Canadian Tire's Noma Christmas lights breaking and burning out, installers say
Trusted Noma brand now ‘the absolute worst,’ says one installer
Several Calgary companies that professionally hang Christmas lights say they've had an influx of callbacks from customers this season to fix Noma-branded strands sold by Canadian Tire that keep burning out.
The CBC spoke to five professional installers in the city, all of whom said they've experienced issues with the Noma brand since the company changed its design two years ago.
"They used to be great lights, I always swore by them," said Yehudi Fleising, the owner of Vertical Services — one of two companies that agreed to go on the record with the CBC.
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"It seems like the grade of the plastic and the wiring isn't as high as it used to be. They're just lighter, flimsier — break easier in the cold," he said.
And while the new design does allow for the replacement of individual bulbs instead of throwing out the entire strand, Fleising says the bulbs always come loose.
"Then you plug it in and you're like, 'Dear Lord, five strands aren't working.' Then you have to go up and testing each bulb to find the loose one. It can waste hours."
Hurting bottom line
"Christmas lights can be super profitable when you go out and do the job once. But when you have to return to a job two, three, four times… customers calling because their lights have all blown out? Obviously your profit margin goes way down," said Mary Ann Smith, general manager of Bugaboo Landscaping.
The company has 14 franchises in Calgary, but Smith says half of them don't install Christmas lights anymore — and more are thinking of getting out of the business — because of the issues they're having with the Noma brand.
Fleising says over the last two seasons, he's had to go back and fix about 25 per cent of his installations.
"These are brand new strands, right out of the box," he said.
"Whereas I have repeat clients that I sold the same Noma brand, eight years ago and those are better quality than the ones I'm putting up now. So I actually trust strands from Noma that I bought eight years ago more than the ones I am currently buying."
Canadian Tire stands by its brand
Noma is a U.K. company, but Canadian Tire is the official Canadian distributor of the brand.
"We are very proud of our Noma brand," Stephanie Nadalin, a spokeswoman for Canadian Tire wrote in an email.
"We actively seek feedback from our customers through many channels, including our website and our Tested for Life panel. In fact, Noma has received over 243 reviews on 126 different products and the results show that a significant majority of customers rate the product four to five stars (five stars being the highest)."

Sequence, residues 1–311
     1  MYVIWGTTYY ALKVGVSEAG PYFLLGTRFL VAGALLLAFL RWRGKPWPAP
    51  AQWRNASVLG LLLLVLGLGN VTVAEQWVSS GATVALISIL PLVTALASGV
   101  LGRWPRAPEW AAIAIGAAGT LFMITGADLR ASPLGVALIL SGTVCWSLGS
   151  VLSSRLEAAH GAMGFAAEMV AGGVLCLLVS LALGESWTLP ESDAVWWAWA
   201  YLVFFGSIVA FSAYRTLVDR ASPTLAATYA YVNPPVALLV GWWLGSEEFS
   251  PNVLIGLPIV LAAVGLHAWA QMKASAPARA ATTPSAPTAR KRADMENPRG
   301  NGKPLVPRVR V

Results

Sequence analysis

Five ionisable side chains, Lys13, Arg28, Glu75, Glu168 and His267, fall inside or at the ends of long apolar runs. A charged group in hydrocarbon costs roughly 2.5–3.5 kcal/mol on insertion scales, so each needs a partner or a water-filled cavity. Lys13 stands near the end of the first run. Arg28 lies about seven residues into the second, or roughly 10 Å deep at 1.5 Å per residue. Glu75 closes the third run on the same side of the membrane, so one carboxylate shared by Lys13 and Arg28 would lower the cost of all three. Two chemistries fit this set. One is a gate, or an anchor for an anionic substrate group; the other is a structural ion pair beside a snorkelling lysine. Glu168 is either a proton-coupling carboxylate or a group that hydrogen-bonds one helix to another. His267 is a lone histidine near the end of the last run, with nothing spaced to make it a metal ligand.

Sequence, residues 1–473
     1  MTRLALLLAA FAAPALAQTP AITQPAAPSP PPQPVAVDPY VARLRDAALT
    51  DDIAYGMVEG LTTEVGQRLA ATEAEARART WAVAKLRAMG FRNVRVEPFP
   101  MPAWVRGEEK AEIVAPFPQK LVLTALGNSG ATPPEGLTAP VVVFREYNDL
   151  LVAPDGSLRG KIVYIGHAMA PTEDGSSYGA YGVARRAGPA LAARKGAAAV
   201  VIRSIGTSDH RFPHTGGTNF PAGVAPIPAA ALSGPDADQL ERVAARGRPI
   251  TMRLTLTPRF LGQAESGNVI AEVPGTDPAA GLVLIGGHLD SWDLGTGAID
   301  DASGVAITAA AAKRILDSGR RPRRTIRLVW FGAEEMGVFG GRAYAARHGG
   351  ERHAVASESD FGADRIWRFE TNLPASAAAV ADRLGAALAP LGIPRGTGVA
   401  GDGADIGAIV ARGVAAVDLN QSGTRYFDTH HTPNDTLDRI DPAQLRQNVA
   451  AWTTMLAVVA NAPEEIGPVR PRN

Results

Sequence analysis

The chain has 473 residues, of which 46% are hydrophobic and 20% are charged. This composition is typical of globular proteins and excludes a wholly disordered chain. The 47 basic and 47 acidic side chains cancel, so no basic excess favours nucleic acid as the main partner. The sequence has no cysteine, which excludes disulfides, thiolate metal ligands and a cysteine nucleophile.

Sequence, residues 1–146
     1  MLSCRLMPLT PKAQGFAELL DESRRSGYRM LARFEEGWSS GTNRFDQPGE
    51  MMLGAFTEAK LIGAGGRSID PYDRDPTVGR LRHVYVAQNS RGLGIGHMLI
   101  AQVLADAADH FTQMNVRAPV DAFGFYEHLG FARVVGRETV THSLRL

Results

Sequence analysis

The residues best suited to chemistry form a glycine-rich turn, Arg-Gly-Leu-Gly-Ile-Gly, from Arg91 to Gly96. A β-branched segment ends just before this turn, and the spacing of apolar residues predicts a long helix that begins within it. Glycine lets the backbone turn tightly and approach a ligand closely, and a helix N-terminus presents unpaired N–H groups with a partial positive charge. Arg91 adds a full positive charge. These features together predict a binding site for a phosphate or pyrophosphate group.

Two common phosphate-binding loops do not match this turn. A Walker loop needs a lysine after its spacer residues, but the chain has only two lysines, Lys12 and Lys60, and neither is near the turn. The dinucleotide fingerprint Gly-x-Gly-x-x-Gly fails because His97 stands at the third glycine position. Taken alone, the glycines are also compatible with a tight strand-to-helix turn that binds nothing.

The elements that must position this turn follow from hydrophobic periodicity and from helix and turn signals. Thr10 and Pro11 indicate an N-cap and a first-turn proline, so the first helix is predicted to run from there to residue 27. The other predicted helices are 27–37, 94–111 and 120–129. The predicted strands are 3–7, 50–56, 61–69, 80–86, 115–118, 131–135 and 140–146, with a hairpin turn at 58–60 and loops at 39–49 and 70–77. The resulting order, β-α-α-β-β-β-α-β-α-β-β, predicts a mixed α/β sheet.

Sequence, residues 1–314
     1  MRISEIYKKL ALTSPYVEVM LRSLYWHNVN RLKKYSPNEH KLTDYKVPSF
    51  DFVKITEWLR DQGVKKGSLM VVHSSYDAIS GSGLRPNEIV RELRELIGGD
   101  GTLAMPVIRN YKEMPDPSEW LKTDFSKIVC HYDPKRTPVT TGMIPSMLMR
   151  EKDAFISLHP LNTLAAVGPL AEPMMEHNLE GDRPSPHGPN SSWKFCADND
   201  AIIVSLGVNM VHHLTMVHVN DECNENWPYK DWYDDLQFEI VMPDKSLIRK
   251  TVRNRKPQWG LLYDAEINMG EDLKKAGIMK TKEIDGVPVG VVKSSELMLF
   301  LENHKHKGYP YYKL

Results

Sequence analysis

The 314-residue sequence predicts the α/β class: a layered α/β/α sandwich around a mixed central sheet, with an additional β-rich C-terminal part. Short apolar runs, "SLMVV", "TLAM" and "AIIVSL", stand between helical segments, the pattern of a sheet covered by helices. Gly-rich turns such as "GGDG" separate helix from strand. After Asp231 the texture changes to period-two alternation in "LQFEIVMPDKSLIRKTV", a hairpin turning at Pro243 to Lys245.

"So far, I have had to take them down and fix them three times. Just not worth it. Avoid these lights," was a Dec. 18 customer review on the Canadian Tire website for the Noma 25 outdoor super bright 9 LED quick clip Christmas lights.
"I was going to use these lights on my Christmas tree this year but was very unhappy to find that they didn't turn on when plugged in," wrote another customer a year ago about Noma 35 outdoor C6 LED Christmas lights.
While Canadian Tire strives to have every Noma light strand work out of the box, Nadalin says manufacturing defects do happen.
"If a customer has an issue, we invite them to return to the store with the product," she wrote.
Time is money
"That's all nice that I can return the strands and get my money back," said Fleising. "But if I'm having to constantly replace strands, then drive to Canadian Tire and return them… that takes time."
Smith, who now calls the Noma brand "the absolute worst," says before 2013, her clients almost never called to complain about bulbs blowing out.
"Sometimes it ends up costing us money just to do the install because we have to keep going back to fix them up."
When asked why they don't just change lighting brands, both companies say there are not a lot of options out there.
"It's hard because they're just one of the leading [brands] in the industry," said Smith.
Fleising even discussed alternatives with his supplier at Canadian Tire.
"And he said, 'Honestly, all of the lights come from the same factories, they're just put into different boxes.'"
Fleising worries that if he can't find a better product, he'll have to charge customers more for his services.
Canadian Tire says it has not seen a decline in customer satisfaction with the Noma lights, nor has it experienced an increase in returns of the product to its stores.